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While database testing is, in many ways, similar to other traditional application testing procedures, teams must confirm that they perform database tests frequently and thoroughly throughout the development cycle. Without an adequate database testing strategy in place, applications are much more vulnerable to data loss and corruption caused by network outages, security exploitations and application crashes.
When teams prioritize database testing, they can ensure a higher-value customer experience for the application. The ideal scenario for database testing is to create an automated suite of database tests that are scheduled as automated tests and executed one or more times daily. At minimum, teams need to execute database testing within a development sprint that results in a release to customers.
To optimize testing procedures, teams must learn the basics of why database testing matters, the key elements of an effective strategy and differences between testing SQL and NoSQL databases. Teams can also create a hybrid database testing approach that combines both manual and automated execution.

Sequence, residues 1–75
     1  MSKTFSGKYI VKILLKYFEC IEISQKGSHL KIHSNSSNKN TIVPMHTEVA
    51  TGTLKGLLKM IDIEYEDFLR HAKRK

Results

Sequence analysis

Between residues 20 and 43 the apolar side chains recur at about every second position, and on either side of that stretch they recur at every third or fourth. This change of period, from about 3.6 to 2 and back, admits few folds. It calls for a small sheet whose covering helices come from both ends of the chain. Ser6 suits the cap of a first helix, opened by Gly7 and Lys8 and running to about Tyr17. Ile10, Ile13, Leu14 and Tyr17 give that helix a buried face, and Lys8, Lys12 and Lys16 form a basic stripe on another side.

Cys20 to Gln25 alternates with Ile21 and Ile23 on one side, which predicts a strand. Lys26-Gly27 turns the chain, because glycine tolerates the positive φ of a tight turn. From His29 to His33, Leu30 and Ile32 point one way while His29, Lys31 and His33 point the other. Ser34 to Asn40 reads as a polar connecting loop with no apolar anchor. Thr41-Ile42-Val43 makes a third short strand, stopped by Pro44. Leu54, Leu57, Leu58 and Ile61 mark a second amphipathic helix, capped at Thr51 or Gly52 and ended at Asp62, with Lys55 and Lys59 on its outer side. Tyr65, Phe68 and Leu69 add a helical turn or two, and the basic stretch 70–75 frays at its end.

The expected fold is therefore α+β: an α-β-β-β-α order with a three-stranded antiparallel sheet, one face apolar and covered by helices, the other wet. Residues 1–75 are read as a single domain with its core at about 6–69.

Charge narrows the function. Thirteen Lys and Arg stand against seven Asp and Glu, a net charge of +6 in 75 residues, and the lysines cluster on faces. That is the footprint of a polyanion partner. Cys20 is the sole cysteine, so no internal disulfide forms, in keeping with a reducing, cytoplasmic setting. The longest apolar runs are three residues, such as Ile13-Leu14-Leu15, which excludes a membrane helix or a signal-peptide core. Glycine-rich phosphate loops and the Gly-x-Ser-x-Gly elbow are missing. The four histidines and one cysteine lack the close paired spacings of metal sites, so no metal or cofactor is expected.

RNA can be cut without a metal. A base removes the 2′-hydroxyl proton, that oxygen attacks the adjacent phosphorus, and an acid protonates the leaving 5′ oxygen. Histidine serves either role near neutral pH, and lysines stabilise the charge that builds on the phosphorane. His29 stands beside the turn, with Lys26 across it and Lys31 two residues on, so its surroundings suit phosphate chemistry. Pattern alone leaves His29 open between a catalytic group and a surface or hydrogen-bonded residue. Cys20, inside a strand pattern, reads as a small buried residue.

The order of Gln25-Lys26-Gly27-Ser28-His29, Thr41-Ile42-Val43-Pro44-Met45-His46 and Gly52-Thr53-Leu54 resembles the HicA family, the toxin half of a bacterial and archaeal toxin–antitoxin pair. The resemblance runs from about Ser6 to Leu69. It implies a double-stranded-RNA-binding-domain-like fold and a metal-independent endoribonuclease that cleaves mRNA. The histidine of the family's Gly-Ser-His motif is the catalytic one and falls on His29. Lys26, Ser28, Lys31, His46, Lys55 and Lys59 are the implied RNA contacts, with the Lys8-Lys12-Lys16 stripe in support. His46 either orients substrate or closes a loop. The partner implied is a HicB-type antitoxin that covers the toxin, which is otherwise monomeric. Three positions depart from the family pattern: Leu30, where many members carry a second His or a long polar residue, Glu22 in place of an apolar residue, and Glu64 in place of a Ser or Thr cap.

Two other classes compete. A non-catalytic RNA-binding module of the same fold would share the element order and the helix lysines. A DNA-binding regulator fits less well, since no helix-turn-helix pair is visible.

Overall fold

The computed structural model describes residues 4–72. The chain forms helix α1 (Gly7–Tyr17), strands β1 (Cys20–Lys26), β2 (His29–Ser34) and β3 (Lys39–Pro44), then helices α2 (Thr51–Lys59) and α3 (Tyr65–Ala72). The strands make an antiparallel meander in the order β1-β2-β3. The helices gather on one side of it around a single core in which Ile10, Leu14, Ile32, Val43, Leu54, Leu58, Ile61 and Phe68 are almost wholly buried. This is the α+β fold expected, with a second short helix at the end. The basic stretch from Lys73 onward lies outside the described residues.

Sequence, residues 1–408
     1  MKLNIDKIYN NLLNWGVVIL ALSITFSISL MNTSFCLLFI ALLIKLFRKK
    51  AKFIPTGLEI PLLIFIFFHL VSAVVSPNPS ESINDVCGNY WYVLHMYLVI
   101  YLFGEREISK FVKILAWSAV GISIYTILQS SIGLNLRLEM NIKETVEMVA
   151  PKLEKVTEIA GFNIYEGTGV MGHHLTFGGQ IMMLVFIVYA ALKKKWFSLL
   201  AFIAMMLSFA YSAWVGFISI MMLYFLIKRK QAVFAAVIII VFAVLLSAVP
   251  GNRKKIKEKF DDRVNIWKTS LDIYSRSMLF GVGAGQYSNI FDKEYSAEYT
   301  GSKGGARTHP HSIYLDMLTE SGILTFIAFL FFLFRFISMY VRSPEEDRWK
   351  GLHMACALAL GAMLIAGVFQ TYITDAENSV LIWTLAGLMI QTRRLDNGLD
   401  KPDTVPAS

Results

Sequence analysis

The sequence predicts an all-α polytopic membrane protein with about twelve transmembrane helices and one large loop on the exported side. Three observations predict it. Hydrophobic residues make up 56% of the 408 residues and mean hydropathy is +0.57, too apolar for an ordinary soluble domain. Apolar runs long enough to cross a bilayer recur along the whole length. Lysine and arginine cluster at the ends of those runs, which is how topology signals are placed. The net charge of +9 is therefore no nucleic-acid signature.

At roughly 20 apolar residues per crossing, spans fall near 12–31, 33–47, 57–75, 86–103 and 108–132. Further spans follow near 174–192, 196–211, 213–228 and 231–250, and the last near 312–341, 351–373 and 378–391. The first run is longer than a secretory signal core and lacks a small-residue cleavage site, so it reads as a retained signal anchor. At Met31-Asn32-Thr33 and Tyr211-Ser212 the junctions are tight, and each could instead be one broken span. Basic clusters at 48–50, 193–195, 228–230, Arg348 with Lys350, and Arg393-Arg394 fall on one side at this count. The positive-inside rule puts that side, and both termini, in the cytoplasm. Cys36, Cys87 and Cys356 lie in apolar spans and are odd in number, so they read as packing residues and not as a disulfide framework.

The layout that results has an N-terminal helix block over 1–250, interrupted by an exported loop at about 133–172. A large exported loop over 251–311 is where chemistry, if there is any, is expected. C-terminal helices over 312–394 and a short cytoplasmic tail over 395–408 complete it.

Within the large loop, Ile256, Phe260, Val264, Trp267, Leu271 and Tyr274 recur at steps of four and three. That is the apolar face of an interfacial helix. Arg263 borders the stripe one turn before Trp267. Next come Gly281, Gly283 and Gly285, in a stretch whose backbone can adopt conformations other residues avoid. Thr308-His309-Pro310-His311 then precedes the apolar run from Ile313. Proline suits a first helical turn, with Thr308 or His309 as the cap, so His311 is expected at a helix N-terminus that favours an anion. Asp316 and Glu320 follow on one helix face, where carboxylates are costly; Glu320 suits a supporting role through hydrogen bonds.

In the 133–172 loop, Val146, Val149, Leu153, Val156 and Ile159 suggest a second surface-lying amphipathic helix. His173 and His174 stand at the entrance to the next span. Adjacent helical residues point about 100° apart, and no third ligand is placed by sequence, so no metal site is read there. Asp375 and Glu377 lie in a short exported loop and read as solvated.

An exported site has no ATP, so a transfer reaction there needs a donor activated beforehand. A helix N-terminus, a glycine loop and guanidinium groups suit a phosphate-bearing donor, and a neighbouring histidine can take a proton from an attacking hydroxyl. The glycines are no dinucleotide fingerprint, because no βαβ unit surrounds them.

The importance of database testing
There are plenty of reasons why database testing is critical, the most obvious being concerns over data loss, data quality, security and application connectivity. Database testing also focuses on stored data format validation, the integrity of API-based data transfer processes, overall application resilience and other important considerations.
To be effective, a database testing strategy should do the following:
- Ensure that basic create, read, update and delete (CRUD) operations work as expected.
- Verify that queries occur in the correct order and can properly recover from failure.
- Check that the database schema's tables, fields and data types are properly named and formatted, as well as inspect any views or indexes.
- Certify that event triggers and stored procedures behave properly and won't induce failure.
- Confirm that database constraints are being enforced and that data is being handled securely.
- Test the database to see if it responds to failures appropriately and in a predictable manner.
Database testing approaches and tools
Testers can execute database testing using an automated, manual or hybrid strategy. The first step in choosing a strategy is to define the type of databases used within the application and all its connections to APIs or other messaging systems. Strategy choice also depends on the development of team's needs and how much the existing unit testing covers database test objectives.
If the database is backed by a formal platform provider, testers can check to see if any testing tools are already included or specially designed for their needs. Otherwise, they can search to find individual tools that will allow them to execute queries and perform data verification. Popular tools dedicated to database testing include the following:
- DTM Data Generator.
- MS SQL Server.
- SQL Test.